Agenda item

Minerals/Waste EP21/00223/CMA - Land at The Chalk Pit, College Road, Epsom, Surrey KT17 4JA

Change of use of an existing Waste Transfer Station to a Materials Recycling Facility and extension of this site to incorporate a new Waste Transfer Station, including: demolition of existing building; reinforcement of retaining wall; provision of new site surfacing and drainage; construction of buildings for the bulking and processing of mixed skip waste and skip storage, and the sorting and transfer of inert waste materials; use of an office; retention of existing workshop; installation of weighbridge; retention of entrance gates and fencing; and, provision of car parking [part retrospective].



Caroline Smith, Planning Group Manager

Stephen Jenkins, Planning Development Manager

Helen Forbes, Principal Lawyer

Sonia Sharp, Senior Highways and Planning Solicitor

Paul Evans, Director – Law and Governance

James Nolan, Senior Planning Officer

Nicola Stedman-Jones, Noise Consultant




David Williams made representations in objection to the application. The following key points were made:


1.    That since 2020, the unlawful waste processing unit had exposed local people to severe noise and dust pollution.

2.    That it was not clear why the operator had been given flexibility on planning regulations and had shown no regard for the local environment.

3.    Residents had obtained legal advice which produced legal concerns on the committee reports reliability.

4.    That the proposal must be judged against a clear baseline. Instead of providing clarity, the report framed the proposal as a way to regain control over site activity which was misleading.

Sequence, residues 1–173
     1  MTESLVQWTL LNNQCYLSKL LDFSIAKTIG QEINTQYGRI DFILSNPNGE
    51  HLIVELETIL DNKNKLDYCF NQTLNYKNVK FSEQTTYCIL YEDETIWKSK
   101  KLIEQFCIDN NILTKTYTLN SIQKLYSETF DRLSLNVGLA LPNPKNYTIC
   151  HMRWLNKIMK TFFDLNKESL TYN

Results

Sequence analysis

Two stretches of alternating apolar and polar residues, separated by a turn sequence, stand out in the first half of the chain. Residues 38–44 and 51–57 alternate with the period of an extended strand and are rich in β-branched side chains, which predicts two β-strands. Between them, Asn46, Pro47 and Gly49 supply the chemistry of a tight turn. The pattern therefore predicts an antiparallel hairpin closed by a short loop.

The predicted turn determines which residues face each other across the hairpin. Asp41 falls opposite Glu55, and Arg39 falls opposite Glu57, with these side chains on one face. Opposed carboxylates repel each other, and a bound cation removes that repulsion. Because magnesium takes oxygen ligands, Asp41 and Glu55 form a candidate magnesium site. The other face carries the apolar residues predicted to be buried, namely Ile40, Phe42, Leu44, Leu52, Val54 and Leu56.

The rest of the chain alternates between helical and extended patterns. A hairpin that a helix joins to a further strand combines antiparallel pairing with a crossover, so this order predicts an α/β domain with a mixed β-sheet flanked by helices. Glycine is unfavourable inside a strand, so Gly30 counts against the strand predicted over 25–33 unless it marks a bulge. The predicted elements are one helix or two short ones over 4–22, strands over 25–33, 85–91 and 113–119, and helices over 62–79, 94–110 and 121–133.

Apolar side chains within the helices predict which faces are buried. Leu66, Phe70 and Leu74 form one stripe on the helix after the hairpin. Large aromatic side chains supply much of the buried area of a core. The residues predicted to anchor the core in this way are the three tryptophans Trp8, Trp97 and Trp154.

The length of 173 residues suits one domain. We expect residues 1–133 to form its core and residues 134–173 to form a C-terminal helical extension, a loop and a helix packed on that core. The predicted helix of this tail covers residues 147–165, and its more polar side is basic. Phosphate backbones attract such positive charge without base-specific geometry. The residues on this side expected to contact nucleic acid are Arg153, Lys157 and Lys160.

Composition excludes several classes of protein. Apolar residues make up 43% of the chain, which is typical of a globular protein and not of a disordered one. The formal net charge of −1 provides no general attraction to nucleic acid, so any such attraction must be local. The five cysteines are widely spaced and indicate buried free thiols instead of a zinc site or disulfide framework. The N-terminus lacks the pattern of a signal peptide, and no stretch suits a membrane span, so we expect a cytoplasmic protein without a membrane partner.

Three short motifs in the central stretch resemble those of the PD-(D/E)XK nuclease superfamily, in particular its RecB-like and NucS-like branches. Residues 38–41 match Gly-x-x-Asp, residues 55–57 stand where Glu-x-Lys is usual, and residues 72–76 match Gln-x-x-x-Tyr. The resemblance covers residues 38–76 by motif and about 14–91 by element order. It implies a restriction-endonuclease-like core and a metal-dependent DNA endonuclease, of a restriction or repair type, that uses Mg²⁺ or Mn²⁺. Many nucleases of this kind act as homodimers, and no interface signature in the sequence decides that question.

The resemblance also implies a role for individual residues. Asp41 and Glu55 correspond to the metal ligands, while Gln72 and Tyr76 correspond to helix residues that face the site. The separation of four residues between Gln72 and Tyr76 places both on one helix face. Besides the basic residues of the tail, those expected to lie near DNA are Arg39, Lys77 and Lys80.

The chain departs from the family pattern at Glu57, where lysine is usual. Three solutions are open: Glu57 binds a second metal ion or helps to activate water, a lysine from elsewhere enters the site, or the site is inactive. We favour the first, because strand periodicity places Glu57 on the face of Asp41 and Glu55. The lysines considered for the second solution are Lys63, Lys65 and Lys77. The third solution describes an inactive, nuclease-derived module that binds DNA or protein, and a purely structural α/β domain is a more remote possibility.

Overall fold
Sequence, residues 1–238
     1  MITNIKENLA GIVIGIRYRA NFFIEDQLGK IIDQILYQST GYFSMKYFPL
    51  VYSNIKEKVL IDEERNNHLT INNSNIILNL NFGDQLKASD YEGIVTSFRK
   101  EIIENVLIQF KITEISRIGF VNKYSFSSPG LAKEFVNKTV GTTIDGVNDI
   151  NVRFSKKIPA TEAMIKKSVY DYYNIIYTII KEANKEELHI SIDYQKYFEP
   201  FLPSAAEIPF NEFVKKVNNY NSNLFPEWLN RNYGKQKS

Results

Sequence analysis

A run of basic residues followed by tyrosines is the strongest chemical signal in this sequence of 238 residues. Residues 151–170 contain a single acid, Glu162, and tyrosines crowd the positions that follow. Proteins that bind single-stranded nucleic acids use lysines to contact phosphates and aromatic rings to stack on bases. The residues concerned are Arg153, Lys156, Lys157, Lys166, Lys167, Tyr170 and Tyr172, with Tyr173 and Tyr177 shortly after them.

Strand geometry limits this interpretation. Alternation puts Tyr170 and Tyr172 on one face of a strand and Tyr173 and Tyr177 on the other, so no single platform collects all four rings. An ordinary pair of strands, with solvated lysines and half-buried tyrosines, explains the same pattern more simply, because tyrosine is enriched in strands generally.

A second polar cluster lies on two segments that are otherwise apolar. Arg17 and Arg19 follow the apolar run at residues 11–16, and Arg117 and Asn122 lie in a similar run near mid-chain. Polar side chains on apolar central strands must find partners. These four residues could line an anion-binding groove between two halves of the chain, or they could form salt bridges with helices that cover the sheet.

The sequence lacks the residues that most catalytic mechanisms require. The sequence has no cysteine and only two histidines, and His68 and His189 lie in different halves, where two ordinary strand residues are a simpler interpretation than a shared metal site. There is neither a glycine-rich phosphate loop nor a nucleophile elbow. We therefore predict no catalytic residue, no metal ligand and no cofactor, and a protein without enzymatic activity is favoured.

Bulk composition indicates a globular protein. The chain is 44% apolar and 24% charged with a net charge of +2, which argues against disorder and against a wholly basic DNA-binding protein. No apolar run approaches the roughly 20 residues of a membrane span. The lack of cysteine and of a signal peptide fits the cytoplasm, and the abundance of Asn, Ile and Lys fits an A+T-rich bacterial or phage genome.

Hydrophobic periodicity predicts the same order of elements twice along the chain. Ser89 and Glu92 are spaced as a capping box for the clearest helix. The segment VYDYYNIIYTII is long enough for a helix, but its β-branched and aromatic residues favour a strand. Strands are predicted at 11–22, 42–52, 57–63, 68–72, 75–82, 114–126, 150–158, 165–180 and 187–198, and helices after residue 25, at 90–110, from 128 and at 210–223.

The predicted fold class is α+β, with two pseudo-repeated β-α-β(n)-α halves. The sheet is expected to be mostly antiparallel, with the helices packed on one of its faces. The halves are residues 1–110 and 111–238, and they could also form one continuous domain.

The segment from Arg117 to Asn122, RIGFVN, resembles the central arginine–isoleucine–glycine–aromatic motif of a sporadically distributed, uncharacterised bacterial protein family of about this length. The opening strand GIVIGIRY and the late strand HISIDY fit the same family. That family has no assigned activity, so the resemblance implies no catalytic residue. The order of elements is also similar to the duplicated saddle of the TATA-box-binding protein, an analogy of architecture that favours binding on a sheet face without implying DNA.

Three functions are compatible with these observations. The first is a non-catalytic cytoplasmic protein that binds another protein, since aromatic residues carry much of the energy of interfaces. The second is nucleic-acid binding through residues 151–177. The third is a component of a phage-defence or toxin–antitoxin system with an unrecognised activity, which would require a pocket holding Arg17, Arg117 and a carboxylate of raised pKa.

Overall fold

5.    That legal advice had confirmed that limits had been breached which would leave the site open to enforcement action.

6.    That the report failed to give national green belt policy proper weight.

7.    That the scheme claimed to process the same amount of waste as the previous scheme but required a larger operational area which would cause more harm to the green belt.

8.    Any harm to the green belt must be clearly outweighed by very special circumstances and that this was not shown in a previous application in 2017 so could not be shown now.

9.    That residents had concerns on the accuracy of the applicant’s evidence on noise pollution.

10.  That the latest Environmental agency response made several incorrect references to a proposed reduction in waste quantity which was a fundamental misunderstanding of the proposal which had not been addressed.

11.  That the application relied on large buildings to contain noise, but main doorways would open six times an hour letting noise escape towards residents.

12.  That the situation around noise assessment was uncertain at best.

13.  Members should reflect on the opposition from residents and the local council.

14.  That the proposal offered only a small contribution to meeting waste targets.

15.  Urged Members to vote against the recommendation.


Fiona Macdowel made representations in objection to the application. The following key points were made:


1.    They had lived 350 metres from the site for 15 years and that they had never had an issue with the site until summer 2020 which was when the operation was scaled up illegally.

2.    For the last 18 months residents had experienced significant noise and dust issues.

3.    That key relevant facts had been excluded from the officer report.

4.    That it seemed the officer report had been written a considerable time ago as the gym and physio referenced in the report had departed in May 2021.

5.    That the Surrey Waste Plan was being ignored and bypassed.

6.    That the Environmental Agency independent noise experts stated that noise must reduce by 10 decibels and that the building would only reduce noise by up to seven decibels and possibly one decibel.